Charities and the general data protection regulation (GDPR)
The general data protection regulation (GDPR) will replace current data protection law on 25 May 2018. Regardless of Brexit, all charities and businesses will need to comply with this EU legislation. The changes will bring the UK and EU into line with global standards which are evolving to respond to trends in digital communications.
The GDPR introduces new requirements for the processes of holding data. Charities should review their existing data process and take the necessary steps to be compliant before May 2018.
All these changes will be accompanied by an increased set of sanctions, including higher fines, and there is no relief after May 2018.
Charities should consider the following GDPR requirements:
Charities need to clearly explain why they are collecting personal data and how they intend to use it. They will need explicit consent to give data to third party providers. Consent must be unambiguous and specific to be valid, given by an affirmative action such as ticking a box. It is no longer sufficient to rely on implied consent such as pre-ticked boxes on websites.
It is not necessary to obtain consent for all forms of direct marketing, such as post or calls to numbers not registered with a telephone preference service, but organisations must be able to justify the legitimate interest condition.
User access to personal data
Users will now be able to request access to their own personal data to see what data is held and what it is used for. Charities must have processes in place to be able to deal with such requests, as transparency and accountability are key principles under the GDPR.
Request removal of personal data
People can request that organisations remove their data, either if they no longer want the charity to hold it or if it is no longer used for the purpose for which it was collected. Any data held will need to be up-to-date, accurate and held for no longer than necessary.
Fines and the duty to report data breaches
The amount that the Information Commissioner’s Office can fine organisations for data breaches has increased. Charities need to have procedures in place to detect and report such breaches, as there is now an onus on the organisation to report certain types of data breaches.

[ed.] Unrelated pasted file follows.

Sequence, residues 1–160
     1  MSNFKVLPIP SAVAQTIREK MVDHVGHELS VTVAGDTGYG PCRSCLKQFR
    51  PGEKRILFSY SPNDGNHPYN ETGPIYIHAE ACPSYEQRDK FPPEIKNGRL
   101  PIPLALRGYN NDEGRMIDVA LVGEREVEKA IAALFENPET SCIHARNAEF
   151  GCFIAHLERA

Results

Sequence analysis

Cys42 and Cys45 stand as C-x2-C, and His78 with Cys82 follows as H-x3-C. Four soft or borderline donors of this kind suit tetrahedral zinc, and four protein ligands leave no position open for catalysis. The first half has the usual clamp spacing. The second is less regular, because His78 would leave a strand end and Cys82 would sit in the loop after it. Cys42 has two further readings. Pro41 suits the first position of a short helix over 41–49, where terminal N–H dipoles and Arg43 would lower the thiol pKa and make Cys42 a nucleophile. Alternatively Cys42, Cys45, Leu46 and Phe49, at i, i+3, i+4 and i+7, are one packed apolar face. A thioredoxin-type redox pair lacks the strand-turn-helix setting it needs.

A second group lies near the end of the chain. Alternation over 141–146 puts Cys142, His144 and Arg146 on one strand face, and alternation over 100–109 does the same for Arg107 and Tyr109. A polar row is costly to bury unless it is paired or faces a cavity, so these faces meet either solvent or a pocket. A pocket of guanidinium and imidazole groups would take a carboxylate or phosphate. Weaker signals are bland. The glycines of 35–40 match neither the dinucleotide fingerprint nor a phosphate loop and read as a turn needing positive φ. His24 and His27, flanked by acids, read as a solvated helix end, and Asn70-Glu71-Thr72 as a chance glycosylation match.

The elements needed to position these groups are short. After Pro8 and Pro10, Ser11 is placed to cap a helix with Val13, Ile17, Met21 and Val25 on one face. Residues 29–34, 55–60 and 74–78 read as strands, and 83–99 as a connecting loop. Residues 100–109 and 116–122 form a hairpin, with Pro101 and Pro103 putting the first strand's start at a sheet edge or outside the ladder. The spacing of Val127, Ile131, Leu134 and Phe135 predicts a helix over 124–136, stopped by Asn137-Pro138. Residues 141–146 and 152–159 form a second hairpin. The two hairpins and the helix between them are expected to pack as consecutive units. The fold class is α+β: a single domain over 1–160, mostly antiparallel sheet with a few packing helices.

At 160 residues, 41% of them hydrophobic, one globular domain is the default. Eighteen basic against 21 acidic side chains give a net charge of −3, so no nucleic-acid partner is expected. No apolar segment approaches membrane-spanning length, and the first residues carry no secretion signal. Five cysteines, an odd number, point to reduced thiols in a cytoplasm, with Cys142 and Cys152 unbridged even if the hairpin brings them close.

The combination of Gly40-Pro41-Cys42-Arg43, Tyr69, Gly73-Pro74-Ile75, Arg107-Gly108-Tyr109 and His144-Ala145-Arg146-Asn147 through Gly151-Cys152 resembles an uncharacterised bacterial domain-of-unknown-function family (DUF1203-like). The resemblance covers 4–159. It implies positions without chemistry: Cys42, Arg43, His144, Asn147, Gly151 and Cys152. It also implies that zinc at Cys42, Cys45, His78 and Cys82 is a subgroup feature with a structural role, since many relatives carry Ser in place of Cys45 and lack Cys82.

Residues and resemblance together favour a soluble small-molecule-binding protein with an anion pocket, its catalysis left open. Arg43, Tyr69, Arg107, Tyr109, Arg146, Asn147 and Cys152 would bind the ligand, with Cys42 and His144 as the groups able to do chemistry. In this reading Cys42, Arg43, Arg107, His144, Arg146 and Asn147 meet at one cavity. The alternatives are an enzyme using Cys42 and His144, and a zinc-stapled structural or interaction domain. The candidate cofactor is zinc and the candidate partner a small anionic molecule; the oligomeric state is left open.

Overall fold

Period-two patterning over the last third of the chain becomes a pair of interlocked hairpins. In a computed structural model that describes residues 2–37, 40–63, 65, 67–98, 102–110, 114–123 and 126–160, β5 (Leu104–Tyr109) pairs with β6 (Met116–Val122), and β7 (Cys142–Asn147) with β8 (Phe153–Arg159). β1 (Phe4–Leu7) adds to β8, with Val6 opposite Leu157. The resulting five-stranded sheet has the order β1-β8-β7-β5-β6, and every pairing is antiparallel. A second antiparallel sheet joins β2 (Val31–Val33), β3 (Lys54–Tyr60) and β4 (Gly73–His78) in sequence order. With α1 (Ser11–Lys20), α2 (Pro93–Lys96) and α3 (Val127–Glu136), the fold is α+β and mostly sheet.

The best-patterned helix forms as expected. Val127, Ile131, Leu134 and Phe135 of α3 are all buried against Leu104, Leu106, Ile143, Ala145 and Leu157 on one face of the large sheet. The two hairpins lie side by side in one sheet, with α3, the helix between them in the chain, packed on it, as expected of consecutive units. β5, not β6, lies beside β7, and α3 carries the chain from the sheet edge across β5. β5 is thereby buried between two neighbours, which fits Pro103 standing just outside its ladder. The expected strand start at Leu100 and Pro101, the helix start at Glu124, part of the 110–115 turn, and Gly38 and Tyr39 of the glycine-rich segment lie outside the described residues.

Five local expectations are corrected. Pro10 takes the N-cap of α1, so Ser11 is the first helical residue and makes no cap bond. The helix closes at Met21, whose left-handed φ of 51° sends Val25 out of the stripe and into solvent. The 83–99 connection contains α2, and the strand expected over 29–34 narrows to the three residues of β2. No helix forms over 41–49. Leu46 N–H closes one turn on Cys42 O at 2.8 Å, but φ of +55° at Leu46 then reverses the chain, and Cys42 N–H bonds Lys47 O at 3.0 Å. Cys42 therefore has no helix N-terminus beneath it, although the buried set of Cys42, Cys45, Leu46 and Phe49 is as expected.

The GDPR raises questions about how fundraisers can identify and approach both existing and new donors. This will apply across all sectors of charities, including marketing, managing volunteers and campaigning. Charities will need to put strategies in place at board level to deal with the changes required throughout the organisation.
Whilst the structure of data protection law will substantively remain the same after May 2018 there are new and different requirements, with the burden of compliance increasing. Charities should make every effort to question their current systems and procedures in light of the new regulation. They should introduce any changes as soon as possible.
Click here to read our series of briefings about what GDPR means for charities.
If you have any questions about GDPR or charity law, please contact:
T. 020 7227 7241
This briefing is for guidance purposes only. RadcliffesLeBrasseur accepts no responsibility or liability whatsoever for any action taken or not taken in relation to this note and recommends that appropriate legal advice be taken having regard to a client's own particular circumstances.